Friday, September 28, 2007
The strangest thing just happened.
I’ve been beating myself up all day for not jumping on a particular client issue more swiftly. I apologize to readers who may be numbers-averse, or whose eyes glaze over when you hear the word “accounting”, but I need to get a little technical to provide some background.
The Director of Finance uses an application I created for her predecessor to create monthly reports that compare actual expenditures to budgeted figures. My software doesn’t handle accounting at all; that’s done by a well known business software package that simply records transactions, one after another. My application reads their general ledger, applies complicated business rules to the gathered figures, and creates reports that reflect the real-world use of their money.
A few days ago, I found out they upgraded their accounting software to a new version. No one thought to tell me they’d moved their database until my application crashed for no apparent reason.
Once we got database access sorted out, my client was able to run her reports. Except now, all the actual expenses and income showed up as zero. I knew it had to do with the new accounting software, but I had trouble setting my focus on what might be wrong. When I finally got to it, it was simple and obvious.
The accounting software has always identified transactions in the period they occur, for example 200801 for the first month in this fiscal year. Every month from July to June, the last two digits change, 01 through 12.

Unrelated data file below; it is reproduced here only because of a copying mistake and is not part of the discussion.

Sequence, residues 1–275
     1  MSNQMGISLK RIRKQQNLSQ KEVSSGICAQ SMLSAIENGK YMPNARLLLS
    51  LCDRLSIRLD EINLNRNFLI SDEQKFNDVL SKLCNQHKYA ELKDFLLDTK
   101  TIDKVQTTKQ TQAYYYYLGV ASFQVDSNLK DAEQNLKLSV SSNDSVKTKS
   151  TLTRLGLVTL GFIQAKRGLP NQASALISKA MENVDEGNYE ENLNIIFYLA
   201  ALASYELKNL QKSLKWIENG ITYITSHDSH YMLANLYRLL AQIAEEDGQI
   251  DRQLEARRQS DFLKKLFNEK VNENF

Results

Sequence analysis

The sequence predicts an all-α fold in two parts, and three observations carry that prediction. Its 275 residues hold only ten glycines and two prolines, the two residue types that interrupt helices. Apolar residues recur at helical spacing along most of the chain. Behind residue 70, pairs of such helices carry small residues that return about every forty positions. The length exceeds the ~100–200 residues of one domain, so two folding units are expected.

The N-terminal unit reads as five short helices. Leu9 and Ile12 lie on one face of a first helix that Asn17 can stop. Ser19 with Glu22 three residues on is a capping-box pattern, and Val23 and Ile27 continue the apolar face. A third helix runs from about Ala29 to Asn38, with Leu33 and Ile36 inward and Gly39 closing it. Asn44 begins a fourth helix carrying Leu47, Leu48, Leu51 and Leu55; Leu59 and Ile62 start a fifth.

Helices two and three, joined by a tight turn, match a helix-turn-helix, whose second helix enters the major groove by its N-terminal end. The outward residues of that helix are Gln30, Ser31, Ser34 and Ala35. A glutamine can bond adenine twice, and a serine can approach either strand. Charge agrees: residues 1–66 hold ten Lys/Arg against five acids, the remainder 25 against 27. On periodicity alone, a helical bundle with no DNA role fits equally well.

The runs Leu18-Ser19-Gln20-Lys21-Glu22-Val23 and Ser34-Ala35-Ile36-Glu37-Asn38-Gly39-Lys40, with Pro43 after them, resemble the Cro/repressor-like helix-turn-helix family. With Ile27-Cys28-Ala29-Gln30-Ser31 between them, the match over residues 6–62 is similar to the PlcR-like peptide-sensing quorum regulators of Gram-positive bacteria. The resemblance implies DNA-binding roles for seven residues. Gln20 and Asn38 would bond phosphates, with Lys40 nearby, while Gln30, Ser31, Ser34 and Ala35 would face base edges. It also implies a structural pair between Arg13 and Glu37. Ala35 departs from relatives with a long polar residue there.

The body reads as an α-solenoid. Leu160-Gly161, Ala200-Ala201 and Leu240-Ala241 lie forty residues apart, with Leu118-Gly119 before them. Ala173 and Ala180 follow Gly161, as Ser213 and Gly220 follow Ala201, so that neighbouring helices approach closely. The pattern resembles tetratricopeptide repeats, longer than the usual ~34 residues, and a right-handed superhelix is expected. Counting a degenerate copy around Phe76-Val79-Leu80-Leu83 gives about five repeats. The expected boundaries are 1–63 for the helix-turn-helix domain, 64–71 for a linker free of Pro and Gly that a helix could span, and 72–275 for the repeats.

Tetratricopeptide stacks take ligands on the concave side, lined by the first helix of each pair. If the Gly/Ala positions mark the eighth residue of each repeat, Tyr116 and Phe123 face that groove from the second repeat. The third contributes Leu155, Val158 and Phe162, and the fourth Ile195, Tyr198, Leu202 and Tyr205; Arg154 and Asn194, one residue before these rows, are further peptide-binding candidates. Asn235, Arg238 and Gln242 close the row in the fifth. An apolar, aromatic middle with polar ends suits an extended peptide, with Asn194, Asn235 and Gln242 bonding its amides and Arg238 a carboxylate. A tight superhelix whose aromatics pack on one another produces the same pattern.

The new version of the accounting database inexplicably changed that designation to 2008001, allowing three digits for the month. Obvious to my computer friends, but maybe not so much to others is this: when you look for a range of transactions from 200801 – 200802 (July and August of the current fiscal year), the new format returns no matches. No data at all!
It was near the end of the day when I identified the nature of the problem. I sent email to explain, but wanted to make sure my client saw it before she left for the weekend, so I called her while still silently kicking myself for dragging my feet.
Now, here’s the strange part: the disconnect between the way I’d been feeling and the way she thanked me. I was concerned I’d let her down by not contacting her sooner. She, on the other hand, said, “Thank you for coming through for us… like you always do.”
Over the years, friends have pointed out that no-one is harder on me than I am. I see all my flaws in full color 3-D. I try to overlook my weaknesses, but more often than not, they are simply the self-worth assumptions I live with, my baggage.
Some advise that when negative thoughts bubble up from your gut, you should pat yourself on the back and say, “Thanks for sharing.” I can do that. What I have trouble with is recognizing the negative thoughts in the first place.